In its 6th edition, held in Verona between April 1-3, 2022, over 2,300 wines were submitted from all corners of Italy and internationally. Having the honor to participate as a judge for the first time allowed me to learn about the ins and outs of the competition and taste alongside many experts in Italian wines.
The program for the judges started the day before the event, with a tasting and dinner in Villa Quaranta, a beautiful venue a few kilometers from the city, hosted by the Brda Home of Rebula Consortium. The evening included the seminar “The different faces of Rebula” – as Ribolla Gialla is known in Slovenia – and had the participation of prominent and up-and-coming producers from the area.
The following day we met at 8.30 am at the offices of Veronafiere and in accordance with COVID protocols, were divided into two groups and led to two separate tasting venues. This year’s panel consisted of nearly 70 international experts, many of them Masters of Wine, Master Sommeliers, WSET Diploma holders, Vinitaly International ambassadors, enologists, educators, and journalists.
For the last couple of years, the event has also included “Wine Without Walls”, a separate competition focused entirely on biodynamic and organic wines.
The Evaluation Process
The logistics of the event are extremely complex, both because of the large number of wines that need to be handled, classified, wrapped, and poured blind to ensure anonymity. In our room, every judge was assigned to one of a dozen teams of four to five members, each team led by a Panel Chair, a senior judge who is in charge of managing the table, tallying the team’s scores, and writing a tasting note for each wine.
Every judge was equipped with his own iPad, where we entered our scores and tasting notes for each wine based on an evaluation of the visual, olfactory, and taste profile of the wines, following a standard grid template.
My table was led by Andrea Lonardi, COO of Angelini Wines & Estate in Valpolicella, and also included Michele Leone, winemaker at Antinori’s Tenuta Bocca di Lupo in Puglia, and Sunny Chopra, Operations Director at Avatar Hospitality in Canada.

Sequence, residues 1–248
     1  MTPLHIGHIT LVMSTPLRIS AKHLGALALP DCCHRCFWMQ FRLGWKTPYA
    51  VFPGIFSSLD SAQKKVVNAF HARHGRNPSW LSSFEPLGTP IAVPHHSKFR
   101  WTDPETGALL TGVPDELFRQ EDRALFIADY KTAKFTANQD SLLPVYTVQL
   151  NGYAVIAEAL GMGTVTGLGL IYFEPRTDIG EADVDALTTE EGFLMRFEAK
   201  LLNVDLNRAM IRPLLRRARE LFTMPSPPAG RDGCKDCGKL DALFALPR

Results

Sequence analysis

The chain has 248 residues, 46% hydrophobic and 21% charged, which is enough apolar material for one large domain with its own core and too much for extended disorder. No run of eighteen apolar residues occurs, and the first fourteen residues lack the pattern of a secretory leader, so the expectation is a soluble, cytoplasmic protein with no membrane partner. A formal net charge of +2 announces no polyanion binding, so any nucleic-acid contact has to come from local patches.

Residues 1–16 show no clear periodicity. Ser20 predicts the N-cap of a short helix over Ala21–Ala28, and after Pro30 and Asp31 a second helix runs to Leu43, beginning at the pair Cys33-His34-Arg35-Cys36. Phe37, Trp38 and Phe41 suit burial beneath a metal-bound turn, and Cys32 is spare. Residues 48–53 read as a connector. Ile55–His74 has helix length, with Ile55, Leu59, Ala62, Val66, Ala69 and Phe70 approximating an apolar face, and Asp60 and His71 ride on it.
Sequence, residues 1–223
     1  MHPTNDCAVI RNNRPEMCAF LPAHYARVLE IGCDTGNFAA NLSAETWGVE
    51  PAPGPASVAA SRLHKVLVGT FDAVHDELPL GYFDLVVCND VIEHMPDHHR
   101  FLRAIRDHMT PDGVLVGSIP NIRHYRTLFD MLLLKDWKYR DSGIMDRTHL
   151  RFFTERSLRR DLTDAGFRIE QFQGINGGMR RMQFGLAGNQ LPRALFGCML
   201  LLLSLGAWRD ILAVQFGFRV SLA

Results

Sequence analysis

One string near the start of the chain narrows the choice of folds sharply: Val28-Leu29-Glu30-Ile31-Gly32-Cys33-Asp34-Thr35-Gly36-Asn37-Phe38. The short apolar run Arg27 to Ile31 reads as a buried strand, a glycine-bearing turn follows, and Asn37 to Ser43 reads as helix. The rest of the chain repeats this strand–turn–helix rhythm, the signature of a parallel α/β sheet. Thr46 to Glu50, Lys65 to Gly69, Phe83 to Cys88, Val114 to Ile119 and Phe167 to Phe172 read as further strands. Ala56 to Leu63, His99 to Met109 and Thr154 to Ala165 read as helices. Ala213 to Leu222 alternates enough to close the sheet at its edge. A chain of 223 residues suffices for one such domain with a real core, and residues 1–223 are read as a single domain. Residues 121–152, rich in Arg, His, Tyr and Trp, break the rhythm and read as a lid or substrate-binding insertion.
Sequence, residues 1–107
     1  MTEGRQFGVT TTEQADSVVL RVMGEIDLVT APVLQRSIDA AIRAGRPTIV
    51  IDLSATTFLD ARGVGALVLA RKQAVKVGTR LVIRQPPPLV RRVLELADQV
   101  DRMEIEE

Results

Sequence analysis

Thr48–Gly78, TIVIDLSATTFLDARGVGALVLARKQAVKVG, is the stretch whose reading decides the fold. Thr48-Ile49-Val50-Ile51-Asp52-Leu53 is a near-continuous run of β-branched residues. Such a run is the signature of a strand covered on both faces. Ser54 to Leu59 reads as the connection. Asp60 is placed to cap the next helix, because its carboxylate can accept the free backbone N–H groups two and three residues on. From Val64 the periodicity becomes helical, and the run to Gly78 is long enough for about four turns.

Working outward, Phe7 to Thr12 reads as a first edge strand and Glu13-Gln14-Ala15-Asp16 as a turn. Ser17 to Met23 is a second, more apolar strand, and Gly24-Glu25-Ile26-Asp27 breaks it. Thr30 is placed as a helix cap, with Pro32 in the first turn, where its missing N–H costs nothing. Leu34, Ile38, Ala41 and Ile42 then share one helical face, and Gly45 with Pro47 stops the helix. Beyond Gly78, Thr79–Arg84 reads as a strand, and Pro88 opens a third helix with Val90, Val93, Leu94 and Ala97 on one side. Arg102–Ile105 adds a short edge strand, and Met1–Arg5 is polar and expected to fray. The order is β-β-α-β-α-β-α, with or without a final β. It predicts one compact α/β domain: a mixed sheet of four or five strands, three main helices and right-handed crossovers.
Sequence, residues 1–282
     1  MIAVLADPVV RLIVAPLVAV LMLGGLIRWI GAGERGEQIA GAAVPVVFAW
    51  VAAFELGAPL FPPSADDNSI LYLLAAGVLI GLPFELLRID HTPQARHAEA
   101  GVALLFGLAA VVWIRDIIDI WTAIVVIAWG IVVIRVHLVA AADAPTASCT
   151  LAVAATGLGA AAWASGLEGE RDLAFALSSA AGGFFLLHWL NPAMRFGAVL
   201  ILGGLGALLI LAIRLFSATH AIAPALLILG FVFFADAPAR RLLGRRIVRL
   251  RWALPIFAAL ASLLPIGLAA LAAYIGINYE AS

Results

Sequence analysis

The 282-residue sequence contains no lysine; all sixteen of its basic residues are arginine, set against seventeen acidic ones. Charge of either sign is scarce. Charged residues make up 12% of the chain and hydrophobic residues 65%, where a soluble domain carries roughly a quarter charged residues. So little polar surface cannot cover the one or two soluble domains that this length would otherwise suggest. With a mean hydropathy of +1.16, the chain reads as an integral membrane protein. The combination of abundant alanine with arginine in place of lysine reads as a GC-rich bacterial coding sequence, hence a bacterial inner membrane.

The flights are structured by themes (e.g., Prosecco or Tuscan reds) and are designed to allow tasters to keep their palates in form. Mornings were dedicated primarily to tasting sparkling, rosé, and white wines, while the afternoons were focused mostly on red, sweet, and fortified ones.
For each flight (all numbered to avoid getting confused given the large number of them) we were provided with enough basic information on each wine: region, varieties, vintage, etc. to ensure we put each wine in context when evaluating it.
After every flight, the team discussed each wine and shared our individual scores and tasting notes. The panel chair then consolidated our notes, assigned a final score, wrote a short recap of the team’s assessments, and submitted our teams’ results in the system.
For our team, Day 1 started with sparkling wines: A flight of Prosecco DOC, followed by one of Valdobbiadene DOCG, and others consisting of whites from northern and central Italy. After a short lunch, the afternoon continued with several flights that included a fantastic, peppery, Schioppettino from Friuli Colli Orientali, a quite complex Magliocco from Calabria, and a dense, nutty Vino Santo from Trentino. All in all, we tasted nearly 180 wines in the course of two days.
At the end of the first two days, the wines which, on the basis of this preliminary evaluation, achieved scores of 90 points or above, were submitted to a final tasting by the General Chairs (For this year: Carol Maurer MW, Pedro Ballesteros MW, Gabriele Gorelli MW, Daniele Cernilli, Robert Joseph, and Bernard Burtschy), who discussed and deliberated to assign the final scores and select the best wines in each category.
All wines 90+ point wines will be included in the international guide 5StarWines – the Book, which contains all the tasting notes written by the experts. In this 6th Edition, 960 wines were selected for inclusion in the Guide.
At the end of the long two days of tasting, most of us were exhausted both physically and mentally, but on the other hand, extremely satisfied to be part of such an enriching experience. I personally enjoyed tasting and discussing our notes with the colleagues at my table, and especially learning from the experiences and perspectives of the Italian winemakers – all members of Assoenologi, the national association of Italian enologists.
Furthermore, I continue to be amazed at the broad diversity of Italian wines, the large number of unique native grape varieties, and all the different styles the country has to offer, with top quality at every price point.
Thanks again for the invitation 5StarWines – until next time!
Winners – 2023 Edition:
Winery of the Year 2022: Terre Cortesi Moncaro
Best Italian Wine: Cantina della Vernaccia, Vernaccia di Oristano DOC Riserva “Judikes” 2008. 97 Points
Best White Wine: Torre Cortesi Moncaro, Verdicchio dei Castelli di Jesi DOC Classico Superiore “Fondiglie” 2021. 95 Points
Best Rose Wine: Azienda Agricola Federici di Giulio Federici, Liguria di Levante IGT Vermentino Rosato “Prima Brezza” 2021. 93 Points
Best Red Wine: Marchesi Cattaneo Adorno Giustiniani, Gabiano DOC Riserva “A Matilde Giustiniani” 2015
Best Semi-Sparkling Wine: Azienda Agricola Pezzuoli Pietrascura “Riservato Agli Amici,” Lambrusco Grasparossa di Castelvetro DOP Frizzante. 93 Points
Best Sparkling Wine: Terre di San Venanzio Fortunato, Valdobbiadene DOCG Superiore di Cartizze Spumante Brut 2020. 96 Points
Best Sweet Wine: Cantina Toblino, Trentino DOC Vino Santo “Puro” 2000. 96 Points
You can also find the full list of winners here: 5StarWines – The Book